The Nobel Peace Prize committee should immediately intervene and strip a children’s rights activist of the prize given to him in 2014.
Kailash Satyarthi not only attended the annual event of Hindu supremacist group Rashtriya Swayam Sewak Sangh (RSS) at its headquarters in Nagpur, India, but went to the extent of praising the organization. He even suggested that the RSS branches all over India could serve as a “firewall” to protect children, particularly girls.
The RSS, of which the ruling right wing Hindu nationalist Bhartiya Janata Party (BJP) is a part, aspires to turn India into a Hindu theocracy. The organization was banned in the past following the assassination of Mahatma Gandhi, a world renowned leader of the passive resistance movement in 1948. Gandhi was opposed to the religious partition of India in 1947 and was targeted for standing up against violence against Muslims by the Hindu fanatics. His assassin Nathuram Godse previously belonged to the RSS.
The RSS is also known for its anti-Muslim and anti-Christian stance. Its cadre have been involved in violence, not only during partition but also in post independent India.
Ironically, Satyarthi is a known Gandhian, and was given the Nobel Peace Prize in recognition of his work to save children from exploitation. In complete contradiction to what Satyarthi claims to stand for, the RSS through its drills poisons young minds and has reportedly transported tribal girls to far away schools in order to Hinduise them, on the pattern of Indian Residential Schools in Canada.
That Satyarthi spoke as a Chief Guest at the RSS event has shocked many, including myself. Being a publisher of Radical Desi magazine, I had put him on the cover of its November, 2014 edition, which was dedicated to 30 years of the anti-Sikh massacre. Satyarthi had saved many Sikhs during the violence that followed the assassination of then-Prime Minister Indira Gandhi by her Sikh body guards on October 31, 1984. The mobs, instigated by activists of the slain leader’s Congress party, lynched innocent Sikhs with police connivance. However, the mainstream overlooked this important aspect of Satyarthi’s story, and Radical Desi believed that it was necessary to amplify it, so that people should know that many Hindus also tried to save the Sikhs from bloodshed. Some activist friends had expressed their outrage over this decision, citing that Satyarthi is a corporate media creation, but I tried to defend myself, saying that the choice was made only because the Radical Desi edition was dedicated to the anti-Sikh pogrom, and by putting Satyarthi on cover, we were only trying to showcase an act of humanity and compassion in the time of crisis.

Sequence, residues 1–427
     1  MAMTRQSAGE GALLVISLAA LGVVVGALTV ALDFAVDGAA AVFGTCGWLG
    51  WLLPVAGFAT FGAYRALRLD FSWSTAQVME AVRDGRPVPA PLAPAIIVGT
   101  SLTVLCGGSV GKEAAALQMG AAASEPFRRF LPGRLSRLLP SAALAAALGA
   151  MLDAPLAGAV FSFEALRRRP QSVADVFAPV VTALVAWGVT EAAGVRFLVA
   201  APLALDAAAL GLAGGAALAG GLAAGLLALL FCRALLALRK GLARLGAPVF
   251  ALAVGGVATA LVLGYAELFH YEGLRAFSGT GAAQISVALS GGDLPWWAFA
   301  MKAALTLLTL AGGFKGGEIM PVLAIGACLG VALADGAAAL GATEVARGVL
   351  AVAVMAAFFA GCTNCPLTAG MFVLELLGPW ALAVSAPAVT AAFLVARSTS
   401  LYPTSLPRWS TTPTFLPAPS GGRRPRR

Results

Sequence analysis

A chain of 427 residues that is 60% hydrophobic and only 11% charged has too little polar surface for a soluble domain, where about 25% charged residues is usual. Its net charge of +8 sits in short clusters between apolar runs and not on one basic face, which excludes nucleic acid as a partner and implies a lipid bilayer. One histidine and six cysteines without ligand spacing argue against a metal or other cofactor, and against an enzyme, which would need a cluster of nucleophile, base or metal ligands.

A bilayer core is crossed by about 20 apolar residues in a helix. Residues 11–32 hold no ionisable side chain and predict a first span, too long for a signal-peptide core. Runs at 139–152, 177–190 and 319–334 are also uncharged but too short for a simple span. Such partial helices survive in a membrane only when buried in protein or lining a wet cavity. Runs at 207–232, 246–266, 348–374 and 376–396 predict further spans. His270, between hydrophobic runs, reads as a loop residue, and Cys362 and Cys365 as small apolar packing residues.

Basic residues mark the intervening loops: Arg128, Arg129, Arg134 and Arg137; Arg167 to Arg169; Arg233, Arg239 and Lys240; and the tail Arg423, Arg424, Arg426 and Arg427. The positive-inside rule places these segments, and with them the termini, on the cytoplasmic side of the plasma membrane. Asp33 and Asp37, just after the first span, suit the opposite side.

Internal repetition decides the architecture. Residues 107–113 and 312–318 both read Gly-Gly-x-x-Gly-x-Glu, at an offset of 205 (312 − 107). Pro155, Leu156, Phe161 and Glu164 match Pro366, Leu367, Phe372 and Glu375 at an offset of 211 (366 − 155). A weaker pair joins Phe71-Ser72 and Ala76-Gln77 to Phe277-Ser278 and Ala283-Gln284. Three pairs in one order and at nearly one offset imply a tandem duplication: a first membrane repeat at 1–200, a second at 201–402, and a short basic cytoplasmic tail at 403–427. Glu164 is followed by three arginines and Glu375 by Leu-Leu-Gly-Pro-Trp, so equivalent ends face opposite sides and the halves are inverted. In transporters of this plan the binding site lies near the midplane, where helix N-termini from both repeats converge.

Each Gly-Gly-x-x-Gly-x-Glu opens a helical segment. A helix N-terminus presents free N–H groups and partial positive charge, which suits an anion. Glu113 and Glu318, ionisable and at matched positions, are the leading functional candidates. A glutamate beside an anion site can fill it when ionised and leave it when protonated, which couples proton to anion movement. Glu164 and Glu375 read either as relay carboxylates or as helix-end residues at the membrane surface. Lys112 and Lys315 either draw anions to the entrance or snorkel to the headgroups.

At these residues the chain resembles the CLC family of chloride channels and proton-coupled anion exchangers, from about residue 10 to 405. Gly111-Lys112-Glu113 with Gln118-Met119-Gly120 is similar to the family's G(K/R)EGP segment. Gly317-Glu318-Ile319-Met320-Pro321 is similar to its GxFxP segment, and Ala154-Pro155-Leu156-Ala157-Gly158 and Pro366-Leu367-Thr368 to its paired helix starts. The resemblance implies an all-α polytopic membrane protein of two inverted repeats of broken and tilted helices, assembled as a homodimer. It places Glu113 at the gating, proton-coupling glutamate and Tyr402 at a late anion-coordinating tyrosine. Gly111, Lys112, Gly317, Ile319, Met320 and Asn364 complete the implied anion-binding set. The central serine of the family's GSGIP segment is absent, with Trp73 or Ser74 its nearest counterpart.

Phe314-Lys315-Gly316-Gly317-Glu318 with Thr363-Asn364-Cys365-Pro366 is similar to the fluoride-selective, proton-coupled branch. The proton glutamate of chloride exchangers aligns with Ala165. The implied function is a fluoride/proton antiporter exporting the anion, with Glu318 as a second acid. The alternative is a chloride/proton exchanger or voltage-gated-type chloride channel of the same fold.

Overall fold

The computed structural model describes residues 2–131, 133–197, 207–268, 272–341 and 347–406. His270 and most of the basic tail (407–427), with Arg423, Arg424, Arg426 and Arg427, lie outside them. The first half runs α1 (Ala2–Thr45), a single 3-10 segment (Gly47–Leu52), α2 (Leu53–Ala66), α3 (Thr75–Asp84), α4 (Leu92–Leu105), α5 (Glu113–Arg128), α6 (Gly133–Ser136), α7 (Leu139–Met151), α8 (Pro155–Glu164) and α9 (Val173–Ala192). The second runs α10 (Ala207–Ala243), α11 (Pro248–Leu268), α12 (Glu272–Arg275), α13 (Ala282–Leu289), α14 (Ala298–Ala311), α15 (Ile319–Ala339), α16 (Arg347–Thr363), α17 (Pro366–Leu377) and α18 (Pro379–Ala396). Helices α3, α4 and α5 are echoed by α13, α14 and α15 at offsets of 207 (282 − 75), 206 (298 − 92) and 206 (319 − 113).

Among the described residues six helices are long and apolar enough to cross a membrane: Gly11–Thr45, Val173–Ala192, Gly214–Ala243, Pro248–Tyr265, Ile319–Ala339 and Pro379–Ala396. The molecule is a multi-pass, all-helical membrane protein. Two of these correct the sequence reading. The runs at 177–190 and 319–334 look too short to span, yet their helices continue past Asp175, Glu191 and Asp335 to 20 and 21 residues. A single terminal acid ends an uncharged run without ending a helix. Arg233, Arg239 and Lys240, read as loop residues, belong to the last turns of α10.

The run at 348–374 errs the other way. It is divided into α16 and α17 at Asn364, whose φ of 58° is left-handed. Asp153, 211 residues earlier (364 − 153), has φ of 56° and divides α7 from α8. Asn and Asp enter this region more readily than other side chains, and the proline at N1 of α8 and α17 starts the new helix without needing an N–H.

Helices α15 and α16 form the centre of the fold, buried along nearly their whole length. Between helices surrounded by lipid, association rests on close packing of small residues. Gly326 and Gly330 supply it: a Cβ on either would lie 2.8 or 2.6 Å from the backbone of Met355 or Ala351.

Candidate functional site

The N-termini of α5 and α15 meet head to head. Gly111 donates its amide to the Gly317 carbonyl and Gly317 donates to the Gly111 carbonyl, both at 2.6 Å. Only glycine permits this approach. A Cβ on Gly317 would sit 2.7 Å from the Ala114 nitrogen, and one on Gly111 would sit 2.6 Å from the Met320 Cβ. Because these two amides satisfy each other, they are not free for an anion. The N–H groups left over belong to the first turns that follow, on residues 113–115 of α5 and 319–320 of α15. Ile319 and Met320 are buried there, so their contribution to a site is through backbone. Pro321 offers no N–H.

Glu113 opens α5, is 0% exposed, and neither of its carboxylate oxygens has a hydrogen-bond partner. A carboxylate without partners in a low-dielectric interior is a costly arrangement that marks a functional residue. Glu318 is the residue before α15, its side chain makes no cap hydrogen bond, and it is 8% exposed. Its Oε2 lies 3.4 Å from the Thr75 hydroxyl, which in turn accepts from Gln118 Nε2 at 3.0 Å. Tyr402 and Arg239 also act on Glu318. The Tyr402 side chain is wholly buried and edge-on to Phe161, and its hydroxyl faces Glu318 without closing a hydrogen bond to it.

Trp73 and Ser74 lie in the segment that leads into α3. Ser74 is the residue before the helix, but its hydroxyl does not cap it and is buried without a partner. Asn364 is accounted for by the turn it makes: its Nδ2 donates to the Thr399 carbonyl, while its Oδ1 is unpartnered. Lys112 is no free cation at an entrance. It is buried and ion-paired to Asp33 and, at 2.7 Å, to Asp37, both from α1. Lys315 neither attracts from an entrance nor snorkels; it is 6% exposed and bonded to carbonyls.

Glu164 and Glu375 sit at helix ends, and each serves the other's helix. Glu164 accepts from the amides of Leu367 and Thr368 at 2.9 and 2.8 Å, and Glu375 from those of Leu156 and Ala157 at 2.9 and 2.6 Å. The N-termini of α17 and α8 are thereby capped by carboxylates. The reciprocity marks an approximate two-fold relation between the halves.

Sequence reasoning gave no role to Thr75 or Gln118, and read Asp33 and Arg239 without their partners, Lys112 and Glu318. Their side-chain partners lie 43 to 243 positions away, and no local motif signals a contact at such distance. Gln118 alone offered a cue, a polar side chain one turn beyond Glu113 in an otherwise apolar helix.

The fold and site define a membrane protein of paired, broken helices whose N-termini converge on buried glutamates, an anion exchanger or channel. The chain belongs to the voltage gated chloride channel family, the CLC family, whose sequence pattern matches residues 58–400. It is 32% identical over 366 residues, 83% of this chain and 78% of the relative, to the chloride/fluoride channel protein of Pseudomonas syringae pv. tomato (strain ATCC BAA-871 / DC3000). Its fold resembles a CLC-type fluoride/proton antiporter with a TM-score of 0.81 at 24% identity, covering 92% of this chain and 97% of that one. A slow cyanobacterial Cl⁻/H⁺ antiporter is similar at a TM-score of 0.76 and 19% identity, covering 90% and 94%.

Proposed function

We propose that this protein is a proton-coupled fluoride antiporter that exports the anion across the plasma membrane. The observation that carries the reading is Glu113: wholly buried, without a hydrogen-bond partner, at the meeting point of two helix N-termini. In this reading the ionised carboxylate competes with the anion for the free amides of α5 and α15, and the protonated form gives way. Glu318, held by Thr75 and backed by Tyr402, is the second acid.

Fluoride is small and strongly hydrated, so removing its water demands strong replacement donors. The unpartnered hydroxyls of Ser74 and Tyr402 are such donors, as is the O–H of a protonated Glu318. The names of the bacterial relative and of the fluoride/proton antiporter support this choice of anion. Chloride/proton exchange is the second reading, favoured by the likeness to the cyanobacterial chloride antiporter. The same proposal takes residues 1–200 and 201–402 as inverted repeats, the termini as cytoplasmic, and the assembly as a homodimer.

Today, when I look back I feel ashamed and let down by Satyarthi, who has failed to stand up against the forces of bigotry. He may have done a great job by saving the lives of Sikhs in 1984, but Muslim and Christian lives are also important. For the record, RSS considers Sikhs as part of the Hindu fold, something strongly resisted by the Sikh activists, who maintain that RSS has an agenda to assimilate them. That the BJP-RSS supporters were also complicit in anti-Sikh massacres has been well documented.
If Satyarthi has any shame, he must apologize for attending an event organized by those who are bent upon destroying humanity and the secular fabric of India. In the meantime, the Nobel Peace Prize Committee must take away the prize given to someone who has tried to give legitimacy to a group whose founders saw men like Hitler and Mussolini as their role models and supported the holocaust.
Gurpreet Singh is a Canada- based journalist who publishes Radical Desi- a monthly magazine that covers alternative politics.